Start with the most basic premise that a story is characters in conflict, and the best stories are those that present the most fully realized characters—characters who feel like real people, however unreal their circumstances—so that no matter how outlandish the conflicts in which they find themselves our readers happily come along for the ride. That said, how do we create characters, especially in fantasy and science fiction stories and novels with no grounding in the real world at all, that seem like real people, when nothing about the world in which they live is itself real?
This is the the trick, isn’t it, to genre writing in all forms. For me, this always starts with authors’ own ability to empathize with the people they create. You have to know what it feels like to be scared in order to write a character into a scary situation. But this is true of any genre, or “genreless” or literary fiction as well, isn’t it? Of course it is. Know what love feels like before you start writing a romance novel, people.
In his book Making Shapely Fiction, Jerome Stern reminds us:
A character comes out of a dense cultural, social, and psychological matrix. The more richly this is suggested, the more resonant the portrait. Evocative details about the person’s family, childhood incidents, intimate moments—all are clues that help us understand the character. And remember, too, that you’re writing fiction; you’re creating art. Actual facts are your raw material, not your boundaries.
Romance authors and realist authors have the “actual facts”—the whole real world—to fall back on. We know what the codes are, basically. We know what in not just the physical world but the culture that triggers various emotional responses. Will those same triggers exist through the looking glass or a long time ago in a galaxy far, far away? This is where worldbuilding enters the picture, but not in the sense of maps and names for things and arcane religious rituals. Romance and mystery/thriller characters exist in a cultural context, and it’s from that context they’re drawn. In his book The Upright Thinkers, Leonard Mlodinow wrote:
“Culture” is defined as behavior, knowledge, ideas, and values that you acquire from those who live around you, and it’s different in different places. We modern humans act according to the culture in which we are raised, and we also acquire much of our knowledge through culture, which is true for us far more than it is for other species. In fact, recent research suggests that humans are even evolutionarily adapted to teach other humans.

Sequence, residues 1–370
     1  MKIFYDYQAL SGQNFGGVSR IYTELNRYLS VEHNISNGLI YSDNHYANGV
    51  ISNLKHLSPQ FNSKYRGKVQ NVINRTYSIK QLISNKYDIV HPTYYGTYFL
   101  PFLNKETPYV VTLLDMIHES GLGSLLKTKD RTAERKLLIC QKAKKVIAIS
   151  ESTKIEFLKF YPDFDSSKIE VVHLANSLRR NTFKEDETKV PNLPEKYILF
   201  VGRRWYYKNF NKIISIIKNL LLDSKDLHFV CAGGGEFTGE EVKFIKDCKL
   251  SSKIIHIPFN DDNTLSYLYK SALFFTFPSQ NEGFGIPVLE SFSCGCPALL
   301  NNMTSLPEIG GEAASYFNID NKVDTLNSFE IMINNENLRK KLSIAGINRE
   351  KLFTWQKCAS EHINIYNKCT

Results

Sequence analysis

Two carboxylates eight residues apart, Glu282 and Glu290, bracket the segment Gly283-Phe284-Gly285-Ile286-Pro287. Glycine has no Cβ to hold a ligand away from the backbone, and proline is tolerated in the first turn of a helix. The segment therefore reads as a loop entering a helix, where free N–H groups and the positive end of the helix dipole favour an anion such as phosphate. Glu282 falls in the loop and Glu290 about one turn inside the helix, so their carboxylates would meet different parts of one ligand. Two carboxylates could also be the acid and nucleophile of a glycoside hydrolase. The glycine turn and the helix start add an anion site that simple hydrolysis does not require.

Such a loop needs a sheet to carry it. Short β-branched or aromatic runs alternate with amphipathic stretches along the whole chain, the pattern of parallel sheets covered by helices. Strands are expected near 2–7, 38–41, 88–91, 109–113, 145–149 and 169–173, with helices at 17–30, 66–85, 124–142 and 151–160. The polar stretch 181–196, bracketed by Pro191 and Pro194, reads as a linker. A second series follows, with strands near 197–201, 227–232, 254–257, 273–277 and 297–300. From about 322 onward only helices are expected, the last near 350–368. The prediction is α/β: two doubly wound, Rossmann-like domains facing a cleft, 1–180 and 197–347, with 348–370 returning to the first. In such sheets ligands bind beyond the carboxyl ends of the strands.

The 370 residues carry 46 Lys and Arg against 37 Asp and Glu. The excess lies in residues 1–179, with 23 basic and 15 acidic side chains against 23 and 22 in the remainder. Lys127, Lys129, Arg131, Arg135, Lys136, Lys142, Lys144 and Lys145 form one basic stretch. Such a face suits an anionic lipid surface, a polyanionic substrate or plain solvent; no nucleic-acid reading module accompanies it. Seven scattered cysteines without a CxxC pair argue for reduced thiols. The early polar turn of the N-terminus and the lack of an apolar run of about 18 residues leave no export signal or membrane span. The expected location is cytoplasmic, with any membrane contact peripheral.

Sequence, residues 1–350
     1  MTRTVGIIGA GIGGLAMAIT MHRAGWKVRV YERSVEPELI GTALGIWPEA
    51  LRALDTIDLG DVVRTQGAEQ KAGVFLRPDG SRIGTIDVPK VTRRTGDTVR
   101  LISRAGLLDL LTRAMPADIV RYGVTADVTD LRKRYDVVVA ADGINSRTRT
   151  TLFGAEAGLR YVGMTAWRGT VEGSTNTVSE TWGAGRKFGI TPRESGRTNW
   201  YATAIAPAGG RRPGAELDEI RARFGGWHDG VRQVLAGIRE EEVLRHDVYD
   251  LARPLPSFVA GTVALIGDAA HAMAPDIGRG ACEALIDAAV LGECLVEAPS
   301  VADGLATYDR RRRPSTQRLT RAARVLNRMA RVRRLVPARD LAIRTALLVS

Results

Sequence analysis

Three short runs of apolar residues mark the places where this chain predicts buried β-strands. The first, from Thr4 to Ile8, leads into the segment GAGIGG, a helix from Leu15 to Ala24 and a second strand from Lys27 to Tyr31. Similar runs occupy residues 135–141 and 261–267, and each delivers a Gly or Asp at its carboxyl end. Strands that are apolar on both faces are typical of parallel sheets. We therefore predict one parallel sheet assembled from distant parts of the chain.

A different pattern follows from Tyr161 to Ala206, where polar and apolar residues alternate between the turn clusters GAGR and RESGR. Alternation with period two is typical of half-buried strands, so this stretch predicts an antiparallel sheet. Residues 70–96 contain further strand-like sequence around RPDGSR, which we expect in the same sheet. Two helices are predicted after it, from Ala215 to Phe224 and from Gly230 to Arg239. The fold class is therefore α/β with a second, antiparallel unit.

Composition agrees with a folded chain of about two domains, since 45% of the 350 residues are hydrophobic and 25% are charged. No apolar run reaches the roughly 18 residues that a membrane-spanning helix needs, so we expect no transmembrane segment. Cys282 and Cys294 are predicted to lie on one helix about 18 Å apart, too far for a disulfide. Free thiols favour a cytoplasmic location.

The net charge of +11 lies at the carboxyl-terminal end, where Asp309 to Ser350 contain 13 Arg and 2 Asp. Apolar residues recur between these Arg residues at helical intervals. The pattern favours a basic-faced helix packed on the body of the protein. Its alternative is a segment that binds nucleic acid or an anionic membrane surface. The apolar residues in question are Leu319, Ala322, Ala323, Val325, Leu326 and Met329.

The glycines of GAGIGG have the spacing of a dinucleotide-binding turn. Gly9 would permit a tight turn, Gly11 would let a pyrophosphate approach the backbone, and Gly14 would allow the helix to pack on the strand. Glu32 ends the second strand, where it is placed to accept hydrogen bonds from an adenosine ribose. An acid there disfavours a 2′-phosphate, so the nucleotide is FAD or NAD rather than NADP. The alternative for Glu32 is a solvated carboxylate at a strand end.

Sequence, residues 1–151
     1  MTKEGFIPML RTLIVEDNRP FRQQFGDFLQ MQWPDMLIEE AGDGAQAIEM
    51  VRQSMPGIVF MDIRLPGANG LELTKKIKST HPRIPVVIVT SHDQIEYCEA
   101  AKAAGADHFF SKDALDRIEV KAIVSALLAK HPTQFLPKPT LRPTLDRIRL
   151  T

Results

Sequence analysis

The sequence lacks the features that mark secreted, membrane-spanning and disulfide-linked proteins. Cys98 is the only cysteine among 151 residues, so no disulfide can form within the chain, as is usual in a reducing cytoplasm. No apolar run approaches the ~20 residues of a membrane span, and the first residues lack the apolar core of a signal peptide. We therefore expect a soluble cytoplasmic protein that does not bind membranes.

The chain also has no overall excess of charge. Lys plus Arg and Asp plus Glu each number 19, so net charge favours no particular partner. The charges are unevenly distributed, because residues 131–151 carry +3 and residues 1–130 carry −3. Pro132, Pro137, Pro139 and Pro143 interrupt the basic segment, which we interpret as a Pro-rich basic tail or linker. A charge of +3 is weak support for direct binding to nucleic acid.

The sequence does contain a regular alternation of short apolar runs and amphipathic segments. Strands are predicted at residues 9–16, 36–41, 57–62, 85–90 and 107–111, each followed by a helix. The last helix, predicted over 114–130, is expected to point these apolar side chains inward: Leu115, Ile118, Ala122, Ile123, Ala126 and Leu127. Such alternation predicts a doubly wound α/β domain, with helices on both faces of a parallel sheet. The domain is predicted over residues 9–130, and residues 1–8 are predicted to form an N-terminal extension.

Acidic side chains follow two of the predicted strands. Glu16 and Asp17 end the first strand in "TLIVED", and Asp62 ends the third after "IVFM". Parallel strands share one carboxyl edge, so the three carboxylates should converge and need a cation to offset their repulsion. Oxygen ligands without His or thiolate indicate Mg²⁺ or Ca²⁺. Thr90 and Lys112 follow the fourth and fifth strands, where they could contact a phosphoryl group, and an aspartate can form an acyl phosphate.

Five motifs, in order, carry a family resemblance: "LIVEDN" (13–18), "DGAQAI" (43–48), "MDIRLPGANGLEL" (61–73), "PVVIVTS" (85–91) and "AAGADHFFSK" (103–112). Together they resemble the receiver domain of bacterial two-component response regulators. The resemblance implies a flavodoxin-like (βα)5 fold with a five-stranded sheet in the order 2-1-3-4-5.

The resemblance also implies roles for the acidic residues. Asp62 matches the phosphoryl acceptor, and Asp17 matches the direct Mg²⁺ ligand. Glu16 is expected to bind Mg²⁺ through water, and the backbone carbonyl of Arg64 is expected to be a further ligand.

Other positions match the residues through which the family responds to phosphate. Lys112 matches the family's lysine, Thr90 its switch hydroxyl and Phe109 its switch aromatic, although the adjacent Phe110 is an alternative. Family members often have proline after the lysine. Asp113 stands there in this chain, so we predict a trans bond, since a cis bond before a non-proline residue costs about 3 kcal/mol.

If we’re creating our own cultures, we need to think through those triggers, those basic expectations and the unwritten rules that can be summed up as culture. But this can get complicated. It certainly is in the real world, in which we hear talk of “culture wars” around an impossibly broad swathe of subjects. My cautions against too much worldbuilding in place, can you describe the culture of your invented world in a couple paragraphs? In his essay “The Lion and the Unicorn: Socialism and the English Genius,” George Orwell wrote:
But in all societies the common people must live to some extent against the existing order. The genuinely popular culture of England is something that goes on beneath the surface, unofficially and more or less frowned on by the authorities. One thing one notices if one looks directly at the common people, especially in the big towns, is that they are not puritanical. They are inveterate gamblers, drink as much beer as their wages will permit, are devoted to bawdy jokes, and use probably the foulest language in the world. They have to satisfy these tastes in the face of astonishing, hypocritical laws (licensing laws, lottery acts, etc., etc.) which are designed to interfere with everybody but in practice allow everything to happen. Also, the common people are without definite religious belief, and have been so for centuries.